Survey: Pastors Want IRS Out of Churches, Churches Out of Politics

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Protestant pastors overwhelmingly agree government should not attempt to regulate pastor’s sermons through reevaluation of a church’s tax exemption, according to a new survey by LifeWay Research.

Protestant pastors overwhelmingly agree government should not attempt to regulate pastor’s sermons through reevaluation of a church’s tax exemption, according to a new survey by LifeWay Research.

The research, which was sponsored by the Alliance Defense Fund, followed a related study conducted by LifeWay Research in October 2010 that found Protestant pastors also largely believe candidates for public office should not be endorsed from the pulpit.

In the new study, conducted in August 2011, a full 79 percent of 1,000 Protestant pastors strongly disagreed – and another 7 percent somewhat disagreed – with the statement: “The government should regulate sermons by revoking a church’s tax exemption if its pastor approves of or criticizes candidates based on the church’s moral beliefs or theology.”

The earlier 2010 survey of 1,000 Protestant pastors found 84 percent disagree – 70 percent strongly and 14 percent somewhat – with the statement, “I believe pastors should endorse candidates for public office from the pulpit.”

A June 2008 LifeWay Research survey also found 87 percent of American adults disagreed with the statement, “I believe it is appropriate for pastors to publicly endorse candidates for public office during a church service.” In an October 2008 study, less than 3 percent of Protestant pastors agreed that they had publicly endorsed candidates for public office during a church service that year.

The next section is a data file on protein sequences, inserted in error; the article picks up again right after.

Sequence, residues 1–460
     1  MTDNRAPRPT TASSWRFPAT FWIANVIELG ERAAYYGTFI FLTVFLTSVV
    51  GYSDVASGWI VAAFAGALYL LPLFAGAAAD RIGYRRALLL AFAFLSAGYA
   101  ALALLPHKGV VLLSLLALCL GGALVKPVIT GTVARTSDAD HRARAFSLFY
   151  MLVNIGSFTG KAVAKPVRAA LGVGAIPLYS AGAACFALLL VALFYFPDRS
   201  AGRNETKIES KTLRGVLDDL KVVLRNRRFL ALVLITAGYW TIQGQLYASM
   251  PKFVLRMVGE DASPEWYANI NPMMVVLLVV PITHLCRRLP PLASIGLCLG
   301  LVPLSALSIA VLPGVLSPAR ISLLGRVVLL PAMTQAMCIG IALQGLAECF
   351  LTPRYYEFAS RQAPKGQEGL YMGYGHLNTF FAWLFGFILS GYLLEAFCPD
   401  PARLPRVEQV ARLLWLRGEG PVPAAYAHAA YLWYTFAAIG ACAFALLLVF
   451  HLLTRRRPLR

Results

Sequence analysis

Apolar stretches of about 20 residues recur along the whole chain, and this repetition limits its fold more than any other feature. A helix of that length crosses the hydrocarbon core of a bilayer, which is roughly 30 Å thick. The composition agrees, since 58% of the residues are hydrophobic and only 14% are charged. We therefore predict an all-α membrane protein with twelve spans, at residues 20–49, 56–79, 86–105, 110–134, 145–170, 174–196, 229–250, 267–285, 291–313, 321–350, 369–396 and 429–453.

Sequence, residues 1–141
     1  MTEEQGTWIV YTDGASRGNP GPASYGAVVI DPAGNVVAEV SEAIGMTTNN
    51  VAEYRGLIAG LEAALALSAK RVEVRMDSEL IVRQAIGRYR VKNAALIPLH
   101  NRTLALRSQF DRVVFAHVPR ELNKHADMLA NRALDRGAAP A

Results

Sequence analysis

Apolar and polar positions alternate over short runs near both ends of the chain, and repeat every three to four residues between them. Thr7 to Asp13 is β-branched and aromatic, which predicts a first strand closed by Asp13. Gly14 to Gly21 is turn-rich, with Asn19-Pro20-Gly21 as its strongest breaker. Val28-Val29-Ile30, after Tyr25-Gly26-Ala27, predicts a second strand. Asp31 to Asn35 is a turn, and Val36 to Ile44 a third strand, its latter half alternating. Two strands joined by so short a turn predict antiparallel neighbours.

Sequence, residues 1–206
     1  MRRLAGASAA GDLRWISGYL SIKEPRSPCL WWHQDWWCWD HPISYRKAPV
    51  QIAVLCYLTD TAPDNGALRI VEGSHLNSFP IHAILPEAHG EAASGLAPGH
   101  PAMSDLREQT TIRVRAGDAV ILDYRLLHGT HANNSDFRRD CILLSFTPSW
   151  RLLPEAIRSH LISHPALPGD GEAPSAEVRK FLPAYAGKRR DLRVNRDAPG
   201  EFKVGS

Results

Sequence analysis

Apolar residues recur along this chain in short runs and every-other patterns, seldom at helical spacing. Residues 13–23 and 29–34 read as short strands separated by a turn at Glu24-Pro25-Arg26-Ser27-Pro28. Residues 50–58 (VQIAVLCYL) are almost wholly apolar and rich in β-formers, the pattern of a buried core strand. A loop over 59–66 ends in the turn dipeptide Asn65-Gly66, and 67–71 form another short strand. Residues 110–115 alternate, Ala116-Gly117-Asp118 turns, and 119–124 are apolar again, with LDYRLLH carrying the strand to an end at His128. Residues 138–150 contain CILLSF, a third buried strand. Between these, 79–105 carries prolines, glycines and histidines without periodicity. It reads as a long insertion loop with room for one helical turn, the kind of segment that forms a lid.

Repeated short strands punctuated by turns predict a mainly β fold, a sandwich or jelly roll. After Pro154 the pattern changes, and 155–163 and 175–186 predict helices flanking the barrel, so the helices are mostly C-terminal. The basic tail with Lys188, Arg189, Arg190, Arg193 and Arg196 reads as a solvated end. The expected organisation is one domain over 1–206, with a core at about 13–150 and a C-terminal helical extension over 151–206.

Religion has emerged as a prominent issue in the 2012 presidential campaign. Reporters are asking candidates questions about their religious faith and how it relates to their approach to governance.

“Pastors and church people have strong feelings when it comes to moral issues that some consider political, and historically churches have played a significant role in shaping political opinions,” said Ed Stetzer, vice president of research and ministry development at LifeWay Christian Resources. “Pastors, however, clearly don’t think the pulpit is the place for politics, nor do they think the church is the place for the IRS.”

Methodology: The August 2011 and October 2010 LifeWay Research studies reported in this article were conducted by telephone among Protestant pastors using the same methodology for both surveys. Churches were selected randomly and each interview was conducted with the church’s senior pastor, minister or priest. Size of church was controlled through interview quotas and church location through statistical weighting to represent all Protestant churches. The sample of 1,000 provides 95 percent confidence that the sampling error does not exceed +3.2 percent for the total sample. Margins of error are higher in subgroups. The 2008 voting intentions survey was conducted by phone in October 2008 among 864 Protestant pastors and the June 2008 survey of Americans included 1,208 adults randomly selected throughout the country in proportion to population.

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Jon D. Wilke
Lifeway Christian Resources
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